Monday, 4 March 2013

Brain Tumour Survival

March 2013 
You may or not be aware that it is brain tumour awareness month. Note the recent documentaries to raise such awareness. "Brain Doctors" follows the work of neurosurgeons at John Radcliffe Hospital, Oxford.  Very close to my heart since I myself was operated upon there three times some eight years ago! My ninth (!!) Craniversary will be this May, and again in October- Two since my tumour had to be operated on again.  

You may think it was a long time ago that my tumour occurred. It indeed is, however, a shunt remains in my brain to drain cerebral fluid. Since my operations I have not stopped. Literally. I had to learn to walk again; learn to do many things again. I then had to get my education back on track. So much so that I am now 25 and fighting to finish my social work degree by May. This is not doing my head any favours. I'm not sure if I am getting a wake up call due to the month, but I've been getting headaches almost daily for a month or so. My tumour was benign but please do not think that makes things any easier. I was a rare case in that my childhood tumour was able to grow for an extra two years until I got any symptoms. 

I should have been at University today, however, I awoke with yet another shocking headache and my mother kindly gave me some tablets and then bought some even stronger ones. I now feel quite zombie-esque as I write this. With this in mind, I wish to thank my parents and brother for their kindness, empathy and understanding. I cannot thank them enough as I know it must be difficult to put up with my mood swings that can still occur.. I have part of my brain missing, what can I say?!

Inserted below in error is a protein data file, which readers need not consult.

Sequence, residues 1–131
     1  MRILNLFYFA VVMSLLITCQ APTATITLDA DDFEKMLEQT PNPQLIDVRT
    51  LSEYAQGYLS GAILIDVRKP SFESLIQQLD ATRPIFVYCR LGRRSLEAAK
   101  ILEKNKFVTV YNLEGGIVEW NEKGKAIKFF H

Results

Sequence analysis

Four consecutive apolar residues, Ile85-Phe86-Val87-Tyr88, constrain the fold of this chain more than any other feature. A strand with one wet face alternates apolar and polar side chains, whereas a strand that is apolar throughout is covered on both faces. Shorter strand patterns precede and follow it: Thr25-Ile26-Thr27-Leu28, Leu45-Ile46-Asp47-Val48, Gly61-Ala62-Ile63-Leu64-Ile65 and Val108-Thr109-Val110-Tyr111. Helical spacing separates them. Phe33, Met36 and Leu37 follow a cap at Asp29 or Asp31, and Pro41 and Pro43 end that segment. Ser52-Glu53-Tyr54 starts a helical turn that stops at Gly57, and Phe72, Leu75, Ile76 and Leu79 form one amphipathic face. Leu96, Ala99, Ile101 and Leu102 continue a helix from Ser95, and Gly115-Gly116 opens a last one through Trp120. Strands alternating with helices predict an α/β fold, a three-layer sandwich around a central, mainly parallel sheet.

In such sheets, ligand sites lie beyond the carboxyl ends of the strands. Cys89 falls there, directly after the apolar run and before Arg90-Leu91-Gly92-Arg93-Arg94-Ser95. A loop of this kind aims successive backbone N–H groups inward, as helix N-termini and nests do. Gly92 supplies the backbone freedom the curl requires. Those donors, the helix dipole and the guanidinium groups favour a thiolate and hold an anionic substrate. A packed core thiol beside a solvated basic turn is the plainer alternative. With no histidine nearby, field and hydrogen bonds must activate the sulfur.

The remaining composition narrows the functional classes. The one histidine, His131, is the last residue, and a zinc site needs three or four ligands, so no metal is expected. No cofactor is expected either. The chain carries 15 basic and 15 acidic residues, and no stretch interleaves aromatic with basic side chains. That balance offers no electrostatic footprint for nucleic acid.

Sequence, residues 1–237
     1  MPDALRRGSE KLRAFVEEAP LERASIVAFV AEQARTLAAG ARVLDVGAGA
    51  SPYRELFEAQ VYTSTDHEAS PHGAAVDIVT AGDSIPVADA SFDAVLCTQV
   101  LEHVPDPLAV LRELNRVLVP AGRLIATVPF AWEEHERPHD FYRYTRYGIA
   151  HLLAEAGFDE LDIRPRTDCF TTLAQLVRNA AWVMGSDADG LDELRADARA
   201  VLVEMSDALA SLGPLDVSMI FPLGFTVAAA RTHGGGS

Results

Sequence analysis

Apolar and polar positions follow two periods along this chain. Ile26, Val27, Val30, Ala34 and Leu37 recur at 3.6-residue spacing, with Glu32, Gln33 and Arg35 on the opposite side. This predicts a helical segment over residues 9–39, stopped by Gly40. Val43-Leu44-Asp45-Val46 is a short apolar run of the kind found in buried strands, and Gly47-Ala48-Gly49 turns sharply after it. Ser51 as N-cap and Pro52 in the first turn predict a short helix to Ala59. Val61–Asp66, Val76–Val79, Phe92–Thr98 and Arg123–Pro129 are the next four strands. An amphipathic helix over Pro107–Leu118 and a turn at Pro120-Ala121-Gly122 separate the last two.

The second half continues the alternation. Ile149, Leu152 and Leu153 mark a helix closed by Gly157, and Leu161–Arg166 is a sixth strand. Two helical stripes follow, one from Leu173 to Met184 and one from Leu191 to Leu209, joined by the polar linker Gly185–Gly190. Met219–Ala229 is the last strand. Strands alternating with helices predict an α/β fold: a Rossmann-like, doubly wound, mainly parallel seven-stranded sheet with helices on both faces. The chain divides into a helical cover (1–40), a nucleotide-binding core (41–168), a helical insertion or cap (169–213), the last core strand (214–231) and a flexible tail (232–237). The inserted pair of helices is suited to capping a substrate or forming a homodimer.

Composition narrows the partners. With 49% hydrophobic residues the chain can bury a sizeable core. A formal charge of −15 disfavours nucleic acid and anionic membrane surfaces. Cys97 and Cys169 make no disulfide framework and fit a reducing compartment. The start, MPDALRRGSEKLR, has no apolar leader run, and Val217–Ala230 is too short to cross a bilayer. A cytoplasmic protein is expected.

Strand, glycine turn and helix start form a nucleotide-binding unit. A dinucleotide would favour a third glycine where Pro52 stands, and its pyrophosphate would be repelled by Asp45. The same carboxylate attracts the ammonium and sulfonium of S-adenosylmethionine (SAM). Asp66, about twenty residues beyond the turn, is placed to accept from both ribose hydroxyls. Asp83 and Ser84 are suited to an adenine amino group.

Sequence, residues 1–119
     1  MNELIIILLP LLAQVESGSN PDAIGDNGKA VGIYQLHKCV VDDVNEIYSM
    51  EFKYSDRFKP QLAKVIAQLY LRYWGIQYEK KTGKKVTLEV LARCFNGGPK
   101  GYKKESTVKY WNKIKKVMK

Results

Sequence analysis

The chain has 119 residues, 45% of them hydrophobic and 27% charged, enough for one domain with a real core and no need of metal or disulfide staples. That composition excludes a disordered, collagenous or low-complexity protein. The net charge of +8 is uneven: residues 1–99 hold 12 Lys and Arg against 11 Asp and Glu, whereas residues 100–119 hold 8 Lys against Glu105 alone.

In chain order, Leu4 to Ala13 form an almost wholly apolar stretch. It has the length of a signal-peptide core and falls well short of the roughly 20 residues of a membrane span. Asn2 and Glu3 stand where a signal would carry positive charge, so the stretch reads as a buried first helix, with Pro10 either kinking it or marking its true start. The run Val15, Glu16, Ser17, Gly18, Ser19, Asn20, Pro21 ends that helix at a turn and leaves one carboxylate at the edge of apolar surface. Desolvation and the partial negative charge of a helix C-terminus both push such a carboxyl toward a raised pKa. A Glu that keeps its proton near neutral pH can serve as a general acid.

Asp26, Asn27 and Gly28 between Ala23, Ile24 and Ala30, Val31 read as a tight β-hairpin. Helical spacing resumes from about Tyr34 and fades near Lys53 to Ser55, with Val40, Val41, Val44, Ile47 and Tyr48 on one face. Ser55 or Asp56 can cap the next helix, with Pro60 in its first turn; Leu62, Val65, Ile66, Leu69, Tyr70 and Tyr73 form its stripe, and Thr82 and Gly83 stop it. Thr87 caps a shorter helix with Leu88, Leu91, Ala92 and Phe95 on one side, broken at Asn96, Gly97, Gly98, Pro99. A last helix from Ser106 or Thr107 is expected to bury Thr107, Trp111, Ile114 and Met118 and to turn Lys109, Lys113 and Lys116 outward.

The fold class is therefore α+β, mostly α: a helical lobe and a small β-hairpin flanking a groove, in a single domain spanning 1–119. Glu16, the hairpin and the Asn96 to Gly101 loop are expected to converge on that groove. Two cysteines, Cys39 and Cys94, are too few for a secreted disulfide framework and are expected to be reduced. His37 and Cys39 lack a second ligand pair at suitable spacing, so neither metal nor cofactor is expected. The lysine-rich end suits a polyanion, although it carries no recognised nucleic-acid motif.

I would also like you to acknowledge the vast amount of people who have endured this life-threatening illness. It's no piece of cake, and we may look, appear and act very normal  but side effects do not ever leave. I was never given physiotherapy so my mum took that role, along with many other roles. With our combined efforts, I still will never wear stiletto heels. As silly as it sounds, I get extremely frustrated with todays society of women who rule their life by how they look. I still have to check that I am walking o.k due to my slightly weak left-hand side. Spare some thoughts to the survivours in the world, and those less fortunate.    

19/20 years old here

Jon and I after my 2nd operation: May '04, aged 16


  1. Hello Lucy,

    I have been in the blogging business for more than 4 years now, and this is the most personal, brave and intimate post that I have ever come across. You know, it takes only a second to know a man's character, and although we have never met, from reading this single post, I can tell that you are a very beautiful person both inside and out. I can also tell that you have a keen sense of observation and understanding of the world around. You are bound for something great in life.

    Wishing you a speedy recovery and a prosperous future. Have a nice day!



    1. Hi Benjamin,

      Sorry for the delay in a reply! My life is far too hectic for my liking at the moment! Thank you ever so much for the comment, it was extremely touching and uplifting. Insightful too :-)

      Great blog, will be reading as much as I can, Lucy.

    2. Please do. Take care.